Belgium is the country where chip shops and snack bars offer the most complete range of sauce.
Initially, mayonnaise, mustard, pickles and – perhaps – also ketchup were offered, but over the years this situation has changed significantly. Some chip shops present you with huge lists of the sauces offered. And even now, new sauces are coming onto the market.
Sometimes it is a variant of an existing sauce. In this way, the producers of the sauces want to continue to focus on their product which, in fact, is just as important to the fries as the fries themselves.
An American or Andalusian sauce can therefore taste completely different in two chip shops located in the same village. It is interesting to see that some customers will even choose the friterie based on the taste of the sauce. The sauce is therefore a product that the friturist can not neglect.
As a result, many chip shops opt for a very wide range and they are faithful to the brand they have chosen.
This policy is the result of customer habits. The slightest change in the range of sauces will be noticed very quickly and the comments of the customer who wants to have a voice in the chapter will be harsh.
Some chip shops therefore opt for several suppliers. Some sauces come from one supplier, other sauces come from another supplier. Specific sauces may still be supplied by a third supplier.
Whichever language you’re speaking, Europe and Belguim isn’t short of these fast, easy-going eateries either. Alongside a swiftly-served portion of fries, you will also find a selection of accompanying snacks including chicken legs and sausages. If you’re new to frites culture, try a fried meatball called the boulet or the infamous Bicky Burger.
What makes Belgian sauce unique?
The fact that Belgium makes the tastiest mayonnaise is a matter of common knowledge the world round. But there is a lot more to Belgian sauces than just mayo. In addition, Belgian producers supply a wealth of sauces that is unsurpassed. For each dish, there is at least one sauce that is the perfect accompaniment. The sauce makers keep a finger on the pulse of the latest developments in the culinary landscape, enabling them to respond with new condiments. This wide diversity of flavours is one of the biggest strengths of the Belgian sauce producers.
Combining chips with ketchup and mayonnaise is therefore a universally shared practice, but to these eternal classics there are more than valid alternatives, which vary from country to country. The choice of a sauce, in fact, can say a lot about who we are and where we come from: here, then, is a list of the tastiest variants and recipes to try absolutely in association with our beloved French fries.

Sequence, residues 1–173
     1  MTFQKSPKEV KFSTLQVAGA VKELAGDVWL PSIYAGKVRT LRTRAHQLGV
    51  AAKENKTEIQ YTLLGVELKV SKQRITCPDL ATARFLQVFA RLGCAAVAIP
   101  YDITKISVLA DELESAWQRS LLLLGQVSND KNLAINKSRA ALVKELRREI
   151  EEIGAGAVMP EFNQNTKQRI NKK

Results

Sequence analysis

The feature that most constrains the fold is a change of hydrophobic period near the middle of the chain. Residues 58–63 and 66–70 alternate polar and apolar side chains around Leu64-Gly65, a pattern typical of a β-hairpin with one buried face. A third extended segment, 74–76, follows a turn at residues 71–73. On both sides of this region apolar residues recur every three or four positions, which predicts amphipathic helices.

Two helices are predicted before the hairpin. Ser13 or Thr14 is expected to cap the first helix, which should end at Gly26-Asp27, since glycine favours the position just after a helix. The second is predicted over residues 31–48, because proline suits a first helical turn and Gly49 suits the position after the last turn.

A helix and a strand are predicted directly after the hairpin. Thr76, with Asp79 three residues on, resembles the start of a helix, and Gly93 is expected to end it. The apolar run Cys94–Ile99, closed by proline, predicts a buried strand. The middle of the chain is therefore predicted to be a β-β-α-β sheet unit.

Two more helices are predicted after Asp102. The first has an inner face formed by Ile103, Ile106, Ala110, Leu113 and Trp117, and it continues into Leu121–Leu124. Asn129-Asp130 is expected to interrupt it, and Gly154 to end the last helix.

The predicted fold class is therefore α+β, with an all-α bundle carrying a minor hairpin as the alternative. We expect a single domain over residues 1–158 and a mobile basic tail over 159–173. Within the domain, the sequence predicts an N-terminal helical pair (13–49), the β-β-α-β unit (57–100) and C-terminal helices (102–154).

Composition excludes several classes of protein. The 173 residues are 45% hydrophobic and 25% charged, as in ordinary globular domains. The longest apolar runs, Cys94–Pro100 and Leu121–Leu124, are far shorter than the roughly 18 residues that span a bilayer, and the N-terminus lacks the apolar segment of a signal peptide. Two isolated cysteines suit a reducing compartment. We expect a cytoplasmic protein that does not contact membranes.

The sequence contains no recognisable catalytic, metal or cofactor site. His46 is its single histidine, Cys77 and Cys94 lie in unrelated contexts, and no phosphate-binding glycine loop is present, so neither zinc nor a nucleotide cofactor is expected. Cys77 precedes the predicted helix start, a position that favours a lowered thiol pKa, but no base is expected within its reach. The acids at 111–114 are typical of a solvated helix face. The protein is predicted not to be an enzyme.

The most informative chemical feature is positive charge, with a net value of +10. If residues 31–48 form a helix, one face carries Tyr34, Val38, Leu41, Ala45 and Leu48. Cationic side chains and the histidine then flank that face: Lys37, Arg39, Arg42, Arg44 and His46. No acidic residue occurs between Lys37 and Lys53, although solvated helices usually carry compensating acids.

- Samurai Sauce
a very popular hot sauce too, often requested as an alternative to harissa a little too strong for some. Based on oil, eggs, mustard, ketchup and harissa.
Perfect for lining the stomach. A risk-free sauce!
- Sauce Béarnaise
Out of a Burgundy fondue, Béarnaise is not common in kebabs. But it remains to taste with shallots and tarragon, olive oil, egg youth and butter.
- Andalusian sauce
A Spanish term in a kebabs. To believe that paella was invented in England…
However, it is found in all fast food. On the program: olive oil, tomatoes, red peppers or red peppers and lemon.
- Sauce Harissa
The sauce of the real. Of those who come home alone because it is not possible to end your night by going to the toilet every half hour.
Thanks to the very spicy red peppers, red peppers, garlic, coriander, cumin and olive oil.
- Aioli sauce
Aioli is found mainly in the south of France. Based on oil, garlic, and sometimes egg yolks, lemon, and pepper.
- Sauce Barbecue
The derivative of US fast food with the mustard/ketchup mixture of hot dogs. Olive oil, garlic and onions, tomato, vinegar, honey and mustard.
- Sauce Cocktail
often a simple mixture of ketchup and mayonnaise, but it should be made with tomato sauce, mayonnaise, tabasco,
- Sauce Curry
The Indian sauce that has invited itself in all the fast food of the whole world. Based on curry, cottage cheese and eggs.
- Sauce Pili Pili
Notice to novices, do not take this sauce derived from Indian fast foods because it has a nice name. Your stomach and sleep may catch fire!
Made from peppers, coarse salt, sugar, black peppercorns, white vinegar soup and olive oil (or other). Thyme can also be added.
- Tartar sauce:
Like Béarnaise, this sauce, which is usually found with more traditional dishes, goes well with kebab because of its freshness. Based on oil, eggs, mustard, capres, pickles, shallots, parsley, tarragon and chives.
You can also find the classic sauces, which are no longer presented: ketchup (tomatoes, vinegar, sugar, salt, pepper, cloves), mustard (mustard seeds, vinegar, salt, pepper), mayonnaise (oil, eggs, mustard, salt).
We could make pages and pages about sauces, so many there are and so many their names vary. We will let you venture into those with exotic names that seem attractive: Piccalilli, Brazilian, Hannibal, Pita Ail, Provençale, Hawaii, Pickles, Salsa, Fish, Tunisian, Algerian, Moroccan, Cheese, Bick Burger…